The U.S. government should encourage Arctic drilling to supplement shrinking shale reserves, a new report by the National Petroleum Council said.
The report, commissioned by the Energy Department, said the government needs to ramp up offshore Arctic drilling efforts if the United States wants to move closer to energy independence.
The U.S. government is currently projecting that the shale boom will start to cool down after the next decade, the AP said.
The council said the long development life of Arctic projects, ranging anywhere between 10 to 30 years, means the government has to take action now or risk becoming dependent on imports again.
“To remain globally competitive and to be positioned to provide global leadership and influence in the Arctic, the U.S. should facilitate exploration in the offshore Alaskan Arctic now,” the study said.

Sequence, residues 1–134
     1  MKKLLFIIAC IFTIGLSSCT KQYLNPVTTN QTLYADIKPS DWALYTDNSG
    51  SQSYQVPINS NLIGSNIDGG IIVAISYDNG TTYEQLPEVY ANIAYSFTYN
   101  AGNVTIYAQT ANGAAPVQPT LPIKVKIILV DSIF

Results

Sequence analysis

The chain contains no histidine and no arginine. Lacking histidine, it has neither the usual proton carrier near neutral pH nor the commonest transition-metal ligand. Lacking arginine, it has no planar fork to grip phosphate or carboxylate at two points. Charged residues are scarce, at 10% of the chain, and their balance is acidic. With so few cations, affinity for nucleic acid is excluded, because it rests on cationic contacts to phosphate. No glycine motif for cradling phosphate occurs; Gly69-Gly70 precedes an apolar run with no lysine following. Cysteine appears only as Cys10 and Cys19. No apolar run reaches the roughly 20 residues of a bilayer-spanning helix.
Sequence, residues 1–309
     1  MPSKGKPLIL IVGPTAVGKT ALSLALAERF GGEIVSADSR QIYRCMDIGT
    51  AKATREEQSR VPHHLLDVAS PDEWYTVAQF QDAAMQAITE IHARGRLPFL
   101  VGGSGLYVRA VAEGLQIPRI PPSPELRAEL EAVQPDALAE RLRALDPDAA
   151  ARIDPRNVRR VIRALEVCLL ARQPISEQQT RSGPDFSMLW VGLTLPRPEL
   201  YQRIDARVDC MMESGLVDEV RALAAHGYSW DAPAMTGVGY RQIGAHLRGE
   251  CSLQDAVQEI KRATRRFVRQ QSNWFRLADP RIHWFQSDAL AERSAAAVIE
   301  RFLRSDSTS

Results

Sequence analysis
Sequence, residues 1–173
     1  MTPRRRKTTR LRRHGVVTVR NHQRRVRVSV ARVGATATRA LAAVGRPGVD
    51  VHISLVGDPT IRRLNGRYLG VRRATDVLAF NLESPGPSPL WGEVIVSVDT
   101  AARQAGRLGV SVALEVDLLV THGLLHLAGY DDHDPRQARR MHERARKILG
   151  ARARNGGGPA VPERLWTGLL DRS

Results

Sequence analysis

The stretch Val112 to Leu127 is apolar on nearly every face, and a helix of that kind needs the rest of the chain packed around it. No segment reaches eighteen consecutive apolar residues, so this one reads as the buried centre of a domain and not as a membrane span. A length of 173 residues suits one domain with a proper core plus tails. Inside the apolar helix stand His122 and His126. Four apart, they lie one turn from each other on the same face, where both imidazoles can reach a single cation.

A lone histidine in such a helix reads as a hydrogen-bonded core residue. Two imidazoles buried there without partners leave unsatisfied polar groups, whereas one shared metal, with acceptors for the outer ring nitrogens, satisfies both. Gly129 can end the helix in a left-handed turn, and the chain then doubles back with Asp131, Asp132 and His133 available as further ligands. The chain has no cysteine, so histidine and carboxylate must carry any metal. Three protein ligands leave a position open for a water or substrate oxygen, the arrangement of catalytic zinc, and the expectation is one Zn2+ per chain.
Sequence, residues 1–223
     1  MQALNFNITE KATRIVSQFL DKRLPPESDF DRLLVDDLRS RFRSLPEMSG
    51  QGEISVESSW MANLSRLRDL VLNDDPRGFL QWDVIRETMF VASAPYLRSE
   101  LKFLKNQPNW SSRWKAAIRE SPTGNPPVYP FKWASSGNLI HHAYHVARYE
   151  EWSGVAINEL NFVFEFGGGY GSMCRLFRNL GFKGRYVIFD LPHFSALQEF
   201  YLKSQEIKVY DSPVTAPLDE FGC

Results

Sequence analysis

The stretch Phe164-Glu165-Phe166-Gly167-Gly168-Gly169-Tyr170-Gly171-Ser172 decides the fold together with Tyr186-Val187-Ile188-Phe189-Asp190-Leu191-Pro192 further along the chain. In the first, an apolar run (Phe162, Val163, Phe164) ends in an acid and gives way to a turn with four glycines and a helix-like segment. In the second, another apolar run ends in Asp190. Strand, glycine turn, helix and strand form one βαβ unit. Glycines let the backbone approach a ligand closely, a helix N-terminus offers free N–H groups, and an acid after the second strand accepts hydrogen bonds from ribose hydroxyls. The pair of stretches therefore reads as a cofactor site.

Producers targeting Arctic reserves have faced a number of legal hurdles and technical challenges.
Earlier this month the U.S Interior Department said it is considering a request made by Royal Dutch Shell to extend that company’s time in the U.S. Arctic.
The Anglo-Dutch supermajor has asked for a suspension of operations that would pause the clock on its 10 year leases in offshore Alaska.
Shell is planning to resume exploration in the Chucki Sea this summer after a disappointing 2012 drilling season that saw the Shell operated Kulluk drilling rig run aground.
Norway’s Statoil and Houston-based ConocoPhillips have filed similar requests for their Chucki Sea licenses citing legal challenges and other hurdles that have delayed drilling.
The global Arctic is thought to hold about a quarter of the world’s total undiscovered conventional oil and gas reserves.
The council’s report said that while current drilling technology is sophisticated enough to successfully develop U.S. Arctic reserves further studies into existing technology and possible innovations should be conducted.
The report also recommended a review of how current lease duration policies compare to the needs of offshore Arctic exploration and development timelines.